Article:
I don't normally need any more reason to think about food during the day other than it exists. But these six iPhone cases look so tempting that I might be tempted to try a taste. This is in no way an endorsement of their protective qualities -- they could fall apart instantly for all I know -- but when it comes to being visually appealing, these accessories are downright scrumptious.
1. Sure, when it comes to ice cream sandwiches you may be more tempted to think of an Android device, but there's no denying that Apple's smartphone is the perfect shape for a case like this. With a high-resolution chocolate cookie image and a white plastic border, it's almost too good.
2. There's nothing like a bento box for lunch. This one might be a little small -- those rolls look even smaller than what could be considered "bite-sized" -- but if you're a fan of sushi, it's a top contender.
3. With a dozen faux M&M candies secured to the back of your phone, you'll need to constantly remind yourself that they're made of plastic rather than -- For more information read the original article here.
They're not legal at all. Yet.
During a 60 Minutes interview last night, Amazon founder Jeff Bezos revealed that the company is experimenting with self-piloting delivery drones that will fly an order to your house 30 minutes after you place it.
The future of Amazon delivery appears to be completely automated, but the company has quite a way to go on the legal front. Bezos says that the Amazon drones could be in operation by 2015, but acknowledges that timeline as optimistic.
Commercial drone certification isn't even slated to begin until 2020 under the FAA's roadmap. Remember, these are the guys who only just recently let you read a Kindle during takeoff.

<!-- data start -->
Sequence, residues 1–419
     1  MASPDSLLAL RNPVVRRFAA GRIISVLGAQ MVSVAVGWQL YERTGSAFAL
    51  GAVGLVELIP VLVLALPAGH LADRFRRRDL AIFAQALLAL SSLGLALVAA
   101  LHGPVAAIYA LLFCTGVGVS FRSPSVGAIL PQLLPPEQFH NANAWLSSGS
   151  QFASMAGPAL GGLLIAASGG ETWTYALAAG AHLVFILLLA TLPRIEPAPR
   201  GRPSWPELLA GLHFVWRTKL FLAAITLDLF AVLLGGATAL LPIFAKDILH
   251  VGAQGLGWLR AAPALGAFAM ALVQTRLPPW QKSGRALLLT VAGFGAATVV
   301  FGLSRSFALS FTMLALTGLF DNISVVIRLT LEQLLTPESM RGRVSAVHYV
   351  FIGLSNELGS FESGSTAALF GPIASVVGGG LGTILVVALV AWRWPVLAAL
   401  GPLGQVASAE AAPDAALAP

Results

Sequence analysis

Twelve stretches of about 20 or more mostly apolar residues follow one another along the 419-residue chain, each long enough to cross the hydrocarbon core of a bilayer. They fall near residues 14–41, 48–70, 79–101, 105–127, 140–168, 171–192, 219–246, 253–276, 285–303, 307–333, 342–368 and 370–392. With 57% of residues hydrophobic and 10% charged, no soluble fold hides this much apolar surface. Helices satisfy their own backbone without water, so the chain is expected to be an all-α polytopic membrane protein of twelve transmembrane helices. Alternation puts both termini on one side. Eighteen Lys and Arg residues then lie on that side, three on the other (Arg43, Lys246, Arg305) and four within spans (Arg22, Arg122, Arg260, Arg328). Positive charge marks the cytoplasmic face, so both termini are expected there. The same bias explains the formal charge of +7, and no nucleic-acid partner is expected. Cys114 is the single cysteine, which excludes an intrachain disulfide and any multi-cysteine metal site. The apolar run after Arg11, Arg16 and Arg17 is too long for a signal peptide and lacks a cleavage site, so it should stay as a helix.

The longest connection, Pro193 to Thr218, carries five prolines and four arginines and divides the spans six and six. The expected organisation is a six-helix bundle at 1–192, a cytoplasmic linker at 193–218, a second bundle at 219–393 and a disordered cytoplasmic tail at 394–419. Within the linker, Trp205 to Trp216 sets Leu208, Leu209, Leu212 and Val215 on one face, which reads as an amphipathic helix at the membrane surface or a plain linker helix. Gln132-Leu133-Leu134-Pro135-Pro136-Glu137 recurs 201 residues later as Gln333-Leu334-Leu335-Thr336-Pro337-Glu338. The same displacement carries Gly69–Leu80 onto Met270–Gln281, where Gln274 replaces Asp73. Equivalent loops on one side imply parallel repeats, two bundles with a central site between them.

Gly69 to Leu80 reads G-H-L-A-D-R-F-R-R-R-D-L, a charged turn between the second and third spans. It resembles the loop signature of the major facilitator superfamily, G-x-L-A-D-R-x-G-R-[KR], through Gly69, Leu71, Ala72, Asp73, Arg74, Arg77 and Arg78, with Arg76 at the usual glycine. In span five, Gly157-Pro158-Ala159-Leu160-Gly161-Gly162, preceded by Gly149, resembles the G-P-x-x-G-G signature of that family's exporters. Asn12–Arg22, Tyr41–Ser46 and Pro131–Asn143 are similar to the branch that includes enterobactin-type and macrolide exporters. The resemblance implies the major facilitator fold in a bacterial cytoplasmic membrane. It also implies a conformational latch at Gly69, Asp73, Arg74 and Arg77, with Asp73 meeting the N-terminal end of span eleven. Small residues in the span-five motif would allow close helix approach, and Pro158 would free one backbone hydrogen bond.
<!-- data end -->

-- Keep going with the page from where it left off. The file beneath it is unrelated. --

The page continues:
Hobbyist drones, like those used by videographers to get awesome shots, are limited to operating no higher 400 feet. But Amazon's drones are large commercial instruments without pilots, and they'd be carrying payloads up to five pounds in weight a distance of up to 10 miles. Quartz puts it bluntly – drones can explode and run into things. This type of drone is currently outside the bounds of the law for a reason.
So if Amazon's miracle drones aren't an imminent practical reality with the -- For more information read the original article here.
-- For more information read the original article here.
One particularly cruel internet prank tricked some (hopefully few) iPhone owners into thinking that iOS 7 somehow made their devices waterproof. That's ridiculous of course, but today LifeProof is launching a case for the iPhone 5s that actually does make the device impervious to water. The case is part of the "nuud" line from LifeProof, and it provides protection from water up to a depth of 6.6ft.
There is no shortage of waterproof cases for the iPhone 5 (or 5s, given that its dimensions are the same), but LifeProof's new protector is the first that is fully compatible with Touch ID, allowing fingerprint sensing through the waterproof layer. But for premium protection, you'll be paying a premium price: The iPhone 5s nuud case will set you back a cool US$89.99.
LifeProof launches first Touch ID-compatible waterproof case for iPhone 5s originally appeared on TUAW - The Unofficial Apple Weblog on Wed, 27 Nov 2013 17:00:00 EST. Please see our terms for use of feeds.
I enjoy taking photos of things as they change over time -- the leaves on a small tree, a building as it's being built or my children's faces. The most challenging part of this process is making sure you get the same shot each time. Inevitably, I take multiple shots at different distances with different angles and lose the continuity of the shot. I recently stumbled upon TimeShutter, which helps you keep that consistency between each photo.
TimeShutter is a simple app, but it is effective. The app has a basic camera UI with one important difference -- it has a guideline that is lifted from your last photo or a photo that you choose. It is this guide that is the key to the app's ability to reproduce the same photo over and over again.
All you have to to do to take the next photo in your series is line up the guides from the previous photo and snap away. You can adjust the opacity of the guidelines, allowing you to be as precise as you need. There is also a reminder feature so you don't forget to take your photo on a daily, weekly or monthly basis. -- For more information read the original article here.